The hearing of two legal challenges against the government's approval of a 2.78 million tonne a year coking coal mine has been delayed from October, likely into the new year.
Part of both challenges rely on the outcome of a separate judgement from the Supreme Court. A judgment is due on that landmark case, over the decision to allow oil drilling at Horse Hill in Surrey, brought by campaigner Sarah Finch on behalf of the Weald Action Group. The Horse Hill challenge was heard by the Supreme Court in June and the court has not yet given judgment.
According to Friends of the Earth "lawyers for Ms Finch argued that the environmental impact assessment (EIA) carried out by developers before planning permission was granted should have accounted for the climate impacts from burning the oil extracted at Horse Hill. These are known as ‘downstream’ or ‘Scope 3’ emissions and were not accounted for during the planning process."
"Downstream emissions are increasingly being left out of environmental impact assessments when planning applications are made for fossil fuel projects, despite the huge climate impacts these projects will inevitably create, the mounting climate crisis and the UK government’s stated commitment to net zero."
"If Ms Finch’s challenge is successful, with the court potentially ruling that decision makers need to take into consideration downstream emissions before approving planning applications, the outcome of the Horse Hill case could have major implications for the future of the Whitehaven coal mine. It could open up new grounds for lawyers to argue against the mine’s approval on the basis that downstream emissions were not considered."
"The Supreme Court is not expected to give its judgment until autumn 2023 at the earliest. When that does eventually happen, the High Court will then set a date for the Whitehaven hearing, but there is likely to be a gap of at least ten weeks between judgment and hearing. Lawyers for Friends of the Earth and SLACC therefore believe a 2024 Whitehaven hearing is increasingly likely." Further details from Friends of the Earth can be read here.
Originally the two legal challenges by South Lakes Action on Climate Change (SLACC) and Friends of the Earth were rejected. Then it was decided that the cases will be heard at what’s known as a ‘rolled up’ hearing which in practice this is the same as a trial. As long as permission is given in day one, the trial will last for three days. This was planned to take place 24th to 26th October 2023. This will now not be heard until a later date.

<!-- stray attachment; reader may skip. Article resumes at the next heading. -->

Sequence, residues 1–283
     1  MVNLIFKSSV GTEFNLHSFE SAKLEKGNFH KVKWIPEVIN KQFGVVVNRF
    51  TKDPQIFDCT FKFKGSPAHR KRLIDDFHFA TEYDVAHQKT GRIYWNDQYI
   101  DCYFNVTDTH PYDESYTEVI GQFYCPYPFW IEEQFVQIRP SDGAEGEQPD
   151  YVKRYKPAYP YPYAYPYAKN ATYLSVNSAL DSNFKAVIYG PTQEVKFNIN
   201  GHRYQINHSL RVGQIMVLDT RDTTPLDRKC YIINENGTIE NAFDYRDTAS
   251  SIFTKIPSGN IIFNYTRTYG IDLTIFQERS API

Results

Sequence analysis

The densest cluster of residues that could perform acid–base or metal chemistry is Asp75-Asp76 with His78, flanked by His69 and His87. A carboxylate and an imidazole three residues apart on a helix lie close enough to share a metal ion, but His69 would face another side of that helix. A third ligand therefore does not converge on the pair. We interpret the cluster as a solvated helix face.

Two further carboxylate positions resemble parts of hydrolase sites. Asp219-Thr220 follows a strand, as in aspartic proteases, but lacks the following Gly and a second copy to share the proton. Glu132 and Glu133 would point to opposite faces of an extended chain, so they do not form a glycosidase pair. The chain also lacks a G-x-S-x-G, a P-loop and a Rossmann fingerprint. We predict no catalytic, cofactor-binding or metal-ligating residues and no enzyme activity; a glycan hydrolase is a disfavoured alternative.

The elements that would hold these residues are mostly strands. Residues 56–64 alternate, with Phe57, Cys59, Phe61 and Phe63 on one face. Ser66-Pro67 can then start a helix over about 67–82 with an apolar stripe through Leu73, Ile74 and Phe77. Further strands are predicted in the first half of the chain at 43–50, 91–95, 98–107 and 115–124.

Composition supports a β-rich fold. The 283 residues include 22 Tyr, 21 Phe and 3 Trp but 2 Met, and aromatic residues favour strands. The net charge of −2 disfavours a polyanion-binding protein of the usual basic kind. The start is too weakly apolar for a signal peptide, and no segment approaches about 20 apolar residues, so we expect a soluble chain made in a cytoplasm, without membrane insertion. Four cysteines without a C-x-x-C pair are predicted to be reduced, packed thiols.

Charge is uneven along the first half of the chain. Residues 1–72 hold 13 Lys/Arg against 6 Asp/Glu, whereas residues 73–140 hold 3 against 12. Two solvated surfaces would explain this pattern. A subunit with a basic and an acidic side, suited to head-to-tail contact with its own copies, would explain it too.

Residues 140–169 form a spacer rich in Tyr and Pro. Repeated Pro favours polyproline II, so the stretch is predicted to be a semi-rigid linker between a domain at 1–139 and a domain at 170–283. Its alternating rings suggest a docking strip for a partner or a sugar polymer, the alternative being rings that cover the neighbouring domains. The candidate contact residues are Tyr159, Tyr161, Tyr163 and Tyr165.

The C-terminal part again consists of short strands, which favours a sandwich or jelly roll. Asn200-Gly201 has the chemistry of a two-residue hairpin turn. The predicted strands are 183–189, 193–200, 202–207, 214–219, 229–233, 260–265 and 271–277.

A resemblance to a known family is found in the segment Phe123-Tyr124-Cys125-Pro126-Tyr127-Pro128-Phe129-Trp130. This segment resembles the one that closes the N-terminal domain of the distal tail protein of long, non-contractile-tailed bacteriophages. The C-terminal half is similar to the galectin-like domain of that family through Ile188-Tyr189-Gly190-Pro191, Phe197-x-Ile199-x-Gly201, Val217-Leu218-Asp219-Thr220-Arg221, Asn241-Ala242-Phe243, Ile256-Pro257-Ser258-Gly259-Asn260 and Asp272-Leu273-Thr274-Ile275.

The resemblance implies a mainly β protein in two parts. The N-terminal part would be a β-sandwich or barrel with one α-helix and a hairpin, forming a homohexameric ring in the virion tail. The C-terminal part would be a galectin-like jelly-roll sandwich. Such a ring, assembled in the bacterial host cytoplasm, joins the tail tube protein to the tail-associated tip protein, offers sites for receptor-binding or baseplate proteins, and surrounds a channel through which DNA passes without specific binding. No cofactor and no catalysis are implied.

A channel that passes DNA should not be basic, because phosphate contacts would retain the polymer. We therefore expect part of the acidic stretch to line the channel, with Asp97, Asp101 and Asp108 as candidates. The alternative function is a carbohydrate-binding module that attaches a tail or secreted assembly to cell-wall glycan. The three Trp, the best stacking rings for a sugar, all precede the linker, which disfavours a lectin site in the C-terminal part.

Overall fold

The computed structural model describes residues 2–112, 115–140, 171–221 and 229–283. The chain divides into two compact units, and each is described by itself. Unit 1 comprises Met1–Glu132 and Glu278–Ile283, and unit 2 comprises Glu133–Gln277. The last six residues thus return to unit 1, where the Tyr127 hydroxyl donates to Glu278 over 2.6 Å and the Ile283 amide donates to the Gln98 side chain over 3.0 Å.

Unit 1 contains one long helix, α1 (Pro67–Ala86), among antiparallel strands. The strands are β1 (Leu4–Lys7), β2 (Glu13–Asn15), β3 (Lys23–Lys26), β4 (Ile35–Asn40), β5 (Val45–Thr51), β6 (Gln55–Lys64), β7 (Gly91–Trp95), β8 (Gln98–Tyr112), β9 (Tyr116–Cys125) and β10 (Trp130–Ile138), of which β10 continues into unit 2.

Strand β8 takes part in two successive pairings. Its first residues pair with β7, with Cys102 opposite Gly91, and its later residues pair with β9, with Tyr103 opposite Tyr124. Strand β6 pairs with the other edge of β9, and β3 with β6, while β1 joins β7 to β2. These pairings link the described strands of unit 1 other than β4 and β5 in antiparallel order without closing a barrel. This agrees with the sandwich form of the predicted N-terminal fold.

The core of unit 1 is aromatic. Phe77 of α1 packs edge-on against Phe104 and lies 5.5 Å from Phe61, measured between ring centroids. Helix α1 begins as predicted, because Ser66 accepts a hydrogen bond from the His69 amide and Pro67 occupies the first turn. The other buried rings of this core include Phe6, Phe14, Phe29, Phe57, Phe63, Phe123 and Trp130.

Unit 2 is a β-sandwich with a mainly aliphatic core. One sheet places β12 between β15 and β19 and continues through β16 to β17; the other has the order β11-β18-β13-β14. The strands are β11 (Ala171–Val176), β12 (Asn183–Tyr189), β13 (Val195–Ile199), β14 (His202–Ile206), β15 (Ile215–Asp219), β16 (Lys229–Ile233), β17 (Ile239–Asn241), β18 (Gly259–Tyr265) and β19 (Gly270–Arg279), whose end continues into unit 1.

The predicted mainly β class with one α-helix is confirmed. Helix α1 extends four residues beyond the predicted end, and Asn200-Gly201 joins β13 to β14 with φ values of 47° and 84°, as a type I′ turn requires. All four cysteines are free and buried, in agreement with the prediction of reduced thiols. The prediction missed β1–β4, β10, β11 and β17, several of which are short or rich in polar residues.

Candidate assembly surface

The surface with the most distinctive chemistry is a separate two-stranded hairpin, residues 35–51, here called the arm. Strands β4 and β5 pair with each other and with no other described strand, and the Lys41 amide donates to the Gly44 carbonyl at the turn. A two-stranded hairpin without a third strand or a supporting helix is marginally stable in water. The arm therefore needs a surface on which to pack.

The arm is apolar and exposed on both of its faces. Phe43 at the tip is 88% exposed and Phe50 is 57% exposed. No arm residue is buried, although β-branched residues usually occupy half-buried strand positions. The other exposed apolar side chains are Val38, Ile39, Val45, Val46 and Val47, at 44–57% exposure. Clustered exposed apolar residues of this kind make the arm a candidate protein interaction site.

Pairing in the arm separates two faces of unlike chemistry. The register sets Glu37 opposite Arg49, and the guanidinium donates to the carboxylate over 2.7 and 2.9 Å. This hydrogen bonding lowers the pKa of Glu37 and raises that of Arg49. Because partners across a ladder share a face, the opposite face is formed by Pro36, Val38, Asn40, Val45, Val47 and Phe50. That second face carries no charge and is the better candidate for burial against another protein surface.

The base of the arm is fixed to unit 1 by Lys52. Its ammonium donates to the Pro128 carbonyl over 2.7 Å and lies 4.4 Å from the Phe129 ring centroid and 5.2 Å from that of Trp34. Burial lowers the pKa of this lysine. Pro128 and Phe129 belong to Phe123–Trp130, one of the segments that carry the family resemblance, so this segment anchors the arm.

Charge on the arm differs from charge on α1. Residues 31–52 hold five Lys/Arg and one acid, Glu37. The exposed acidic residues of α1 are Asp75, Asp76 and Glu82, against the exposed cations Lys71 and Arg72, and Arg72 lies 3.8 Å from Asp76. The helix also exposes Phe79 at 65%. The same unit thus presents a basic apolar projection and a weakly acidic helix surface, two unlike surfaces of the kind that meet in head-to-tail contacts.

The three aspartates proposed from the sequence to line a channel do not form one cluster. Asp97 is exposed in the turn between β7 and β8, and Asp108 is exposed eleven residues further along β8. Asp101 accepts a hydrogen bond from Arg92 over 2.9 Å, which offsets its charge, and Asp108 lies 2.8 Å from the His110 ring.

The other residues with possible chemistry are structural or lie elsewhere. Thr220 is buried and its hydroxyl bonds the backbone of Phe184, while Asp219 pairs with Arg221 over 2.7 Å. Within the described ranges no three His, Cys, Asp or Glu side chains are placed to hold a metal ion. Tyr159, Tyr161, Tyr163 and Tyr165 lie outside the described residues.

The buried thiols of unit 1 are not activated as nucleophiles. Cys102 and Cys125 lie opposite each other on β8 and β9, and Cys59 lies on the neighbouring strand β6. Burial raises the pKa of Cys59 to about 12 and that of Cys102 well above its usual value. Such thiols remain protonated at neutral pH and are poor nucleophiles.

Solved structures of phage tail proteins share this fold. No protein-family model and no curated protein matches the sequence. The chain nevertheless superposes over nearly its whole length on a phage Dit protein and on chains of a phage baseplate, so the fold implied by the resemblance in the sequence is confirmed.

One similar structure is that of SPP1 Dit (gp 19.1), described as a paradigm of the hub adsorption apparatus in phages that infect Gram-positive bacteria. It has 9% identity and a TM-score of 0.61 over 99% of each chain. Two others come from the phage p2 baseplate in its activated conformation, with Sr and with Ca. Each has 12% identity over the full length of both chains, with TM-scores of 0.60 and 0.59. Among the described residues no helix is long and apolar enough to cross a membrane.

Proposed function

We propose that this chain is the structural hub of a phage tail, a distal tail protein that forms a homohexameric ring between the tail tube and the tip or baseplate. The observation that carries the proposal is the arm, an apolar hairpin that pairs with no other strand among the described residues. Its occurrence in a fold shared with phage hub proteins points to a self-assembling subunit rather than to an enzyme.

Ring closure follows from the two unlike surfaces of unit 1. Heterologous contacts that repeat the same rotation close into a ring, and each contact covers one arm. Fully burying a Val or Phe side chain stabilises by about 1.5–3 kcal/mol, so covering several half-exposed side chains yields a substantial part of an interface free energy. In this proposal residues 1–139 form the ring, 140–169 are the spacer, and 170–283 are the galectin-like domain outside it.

Friends of the Earth and SLACC launched their legal challenges in January 2023 after Michael Gove, Secretary of State for Levelling Up, Housing and Communities, gave planning permission to the new coking mine in December 2022. The organisations were the 2 main parties opposing the coal mine at the planning inquiry which took place in September 2021.
SLACC and Friends of the Earth contend that Mr Gove failed to account for the significant climate impacts of the mine, including the acceptability of carbon credits to offset the mine’s emissions, the international precedent that opening a new mine would set and the impact of opening the mine on the global coal market. For further details of the challenges see https://www.coalaction.org.uk/2023/01/27/legal-challenges-whitehaven/
We’re excited to let you know that you can finally watch FINITE online now on Vimeo On Demand, by renting or buying the film.
FINITE: The Climate of Change is an inspiring insider’s view of communities in the UK and Germany putting their bodies on the line to fight back against coal mining. Featuring Coal Action Network alongside local people in the Pont Valley, Durham…
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